Research Team meets
Research Team 340 RT-340: Corporate Practices for Productivity Improvement

Most previous productivity research has been focused on improvements at the craft (trade) and project delivery levels, but these efforts rarely translated into long-term productivity gains. Using the capital project industry’s success with implementing and maintaining corporate driven safety improvement practices as a model, RT-340 identified six key practices that, when implemented effectively, will achieve enterprise-wide, lasting improvements in productivity. Six key practices critical to driving and sustaining improvements in productivity: leadership; resources; structure and communication; planning for productivity; productivity monitoring and control; and continuous improvement. Within each of the key practices, there are a number of critical elements that have to be planned, managed and implemented.

The research team was able to demonstrate that there was a significant increase in the use of proven productivity practices when organizations effectively implemented actions across these six elements.
 
RT-344: Improved Integration of the Supply Chain in Materials Planning and Work Packaging

Research Team 344 focused on identifying increasing “visibility” into the extended resource and materials supply chain to improve project certainty and success. Their goal was to improve the integration of the supply chain in materials planning and work packaging.

Depending on the project, 40–50% of the projects cost is attributable to materials and materials impact or control 80% of the project schedule! Siloed stakeholders impede visibility of the complete supply chain and disparate systems and asymmetric data coupled with misaligned incentives further compound that visibility.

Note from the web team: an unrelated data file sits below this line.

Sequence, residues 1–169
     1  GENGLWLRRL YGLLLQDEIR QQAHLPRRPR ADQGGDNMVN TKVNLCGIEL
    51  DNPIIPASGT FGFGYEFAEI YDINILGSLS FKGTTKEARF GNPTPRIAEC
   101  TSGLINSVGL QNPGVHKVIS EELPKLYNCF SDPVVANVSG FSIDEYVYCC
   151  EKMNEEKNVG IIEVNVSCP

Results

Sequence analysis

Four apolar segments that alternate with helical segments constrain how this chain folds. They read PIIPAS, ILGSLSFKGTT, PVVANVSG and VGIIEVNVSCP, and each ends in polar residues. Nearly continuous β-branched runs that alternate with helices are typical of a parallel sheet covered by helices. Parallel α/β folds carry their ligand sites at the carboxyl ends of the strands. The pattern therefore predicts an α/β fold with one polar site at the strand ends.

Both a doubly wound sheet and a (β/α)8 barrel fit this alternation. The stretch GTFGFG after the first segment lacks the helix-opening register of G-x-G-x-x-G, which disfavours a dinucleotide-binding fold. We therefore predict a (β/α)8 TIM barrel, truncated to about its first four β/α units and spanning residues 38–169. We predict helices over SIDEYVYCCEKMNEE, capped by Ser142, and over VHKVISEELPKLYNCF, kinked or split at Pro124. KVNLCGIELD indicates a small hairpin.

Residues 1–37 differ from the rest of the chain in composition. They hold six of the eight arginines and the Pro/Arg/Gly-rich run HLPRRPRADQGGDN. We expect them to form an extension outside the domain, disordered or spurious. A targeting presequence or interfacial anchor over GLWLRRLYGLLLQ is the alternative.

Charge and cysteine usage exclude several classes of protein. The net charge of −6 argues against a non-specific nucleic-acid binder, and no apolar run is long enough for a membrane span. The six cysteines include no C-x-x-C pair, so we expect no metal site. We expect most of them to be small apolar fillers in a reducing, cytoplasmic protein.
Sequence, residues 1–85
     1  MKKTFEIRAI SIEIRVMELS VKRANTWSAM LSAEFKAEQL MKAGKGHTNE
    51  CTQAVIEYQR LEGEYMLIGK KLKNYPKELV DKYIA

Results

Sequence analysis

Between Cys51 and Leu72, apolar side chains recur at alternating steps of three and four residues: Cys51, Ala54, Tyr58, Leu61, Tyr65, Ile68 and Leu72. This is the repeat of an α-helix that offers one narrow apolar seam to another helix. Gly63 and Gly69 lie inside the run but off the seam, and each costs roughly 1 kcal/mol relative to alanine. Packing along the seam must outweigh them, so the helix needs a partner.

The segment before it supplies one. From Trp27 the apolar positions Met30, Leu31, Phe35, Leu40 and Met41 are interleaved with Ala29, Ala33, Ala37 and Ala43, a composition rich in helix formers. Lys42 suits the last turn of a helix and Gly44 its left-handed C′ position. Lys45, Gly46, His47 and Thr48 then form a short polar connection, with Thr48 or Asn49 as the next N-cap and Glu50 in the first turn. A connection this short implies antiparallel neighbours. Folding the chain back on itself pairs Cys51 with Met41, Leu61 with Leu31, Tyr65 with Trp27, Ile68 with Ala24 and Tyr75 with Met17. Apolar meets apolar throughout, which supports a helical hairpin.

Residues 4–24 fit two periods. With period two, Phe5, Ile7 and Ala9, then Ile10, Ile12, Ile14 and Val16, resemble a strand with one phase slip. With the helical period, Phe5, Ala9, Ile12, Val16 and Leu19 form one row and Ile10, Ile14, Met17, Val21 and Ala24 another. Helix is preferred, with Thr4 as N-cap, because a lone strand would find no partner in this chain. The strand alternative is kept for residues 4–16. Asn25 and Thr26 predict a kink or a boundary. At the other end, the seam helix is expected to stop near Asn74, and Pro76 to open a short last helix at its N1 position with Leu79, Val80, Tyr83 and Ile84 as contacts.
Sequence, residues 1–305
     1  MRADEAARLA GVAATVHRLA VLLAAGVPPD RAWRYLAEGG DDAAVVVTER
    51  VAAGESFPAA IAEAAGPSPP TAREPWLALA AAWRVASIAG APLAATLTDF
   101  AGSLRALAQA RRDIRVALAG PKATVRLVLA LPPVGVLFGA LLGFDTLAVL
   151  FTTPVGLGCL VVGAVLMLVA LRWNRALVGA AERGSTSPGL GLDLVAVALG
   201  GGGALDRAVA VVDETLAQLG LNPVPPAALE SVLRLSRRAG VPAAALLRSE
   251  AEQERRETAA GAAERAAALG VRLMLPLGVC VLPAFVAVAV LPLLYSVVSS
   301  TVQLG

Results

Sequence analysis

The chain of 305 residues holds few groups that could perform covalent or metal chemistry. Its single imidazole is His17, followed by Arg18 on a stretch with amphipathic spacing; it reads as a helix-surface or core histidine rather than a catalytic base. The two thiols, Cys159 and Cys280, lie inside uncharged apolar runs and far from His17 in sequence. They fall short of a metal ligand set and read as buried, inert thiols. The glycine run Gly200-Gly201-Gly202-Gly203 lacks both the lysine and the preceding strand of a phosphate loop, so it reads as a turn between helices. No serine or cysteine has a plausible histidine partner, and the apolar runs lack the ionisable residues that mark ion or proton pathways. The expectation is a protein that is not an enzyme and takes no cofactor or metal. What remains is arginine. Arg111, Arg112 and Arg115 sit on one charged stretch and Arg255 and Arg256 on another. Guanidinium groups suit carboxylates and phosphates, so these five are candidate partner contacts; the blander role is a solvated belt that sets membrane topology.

The team discovered that “visibility” decreases significantly the further the observer is from the source of the supply node within the supply chain. This lack of visibility creates uncertainty which is calculated and treated as risk with the end result that projects create large buffers to avoid material and resource waiting times. The team also identified 10 key supply chain activities that project teams require for effective and timely decision making, and 76 items of “visibility” that enable the project team to make those key decisions.
 
Research Team 344
Dan Henderson Other Presentations

The CII conference had a range of presentations in addition to the report back by the various research teams. These presentations provided insight into autonomy and automation in construction industry projects, the management of uncertainty in mega-projects through the application of uncertainty management and the active pursuit of opportunities. One of the more advanced and future-looking presentations was on the future of construction technology, enabling technologies and what we can look forward to post-digitization.

A particularly interesting presentation was given by the Director of Innovation and Emerging Technology at Caterpillar. Dan Henderson presented on Automation and Autonomy in Construction Industries. Automation and Autonomy in the mining industry has demonstrated haulage 20% productivity gains, which are forecast to increase to 40%; underground cycle-time improvements of 44%; drilling 25% productivity gains. The automation roadmap demonstrates the progress from machine control and guidance to, eventually, autonomous machines and the autonomous worksite.
 
CII’s Technology Sector

CII’s Fiatech sector is the emerging technology arm of CII that is focused on enhancing capital asset value through leading innovative technologies. It is predominantly an industry-led, collaborative, not-for-profit, technology research and development consortium to address breakthrough technology-oriented opportunities to accelerate integration and automation. The Fiatech sector has developed a Capital Projects Technology Roadmap to amalgamate the efforts of industry, industry associations and funding agencies in the development and deployment of emerging and new technologies.
tech devices
 


Date posted: September 8, 2018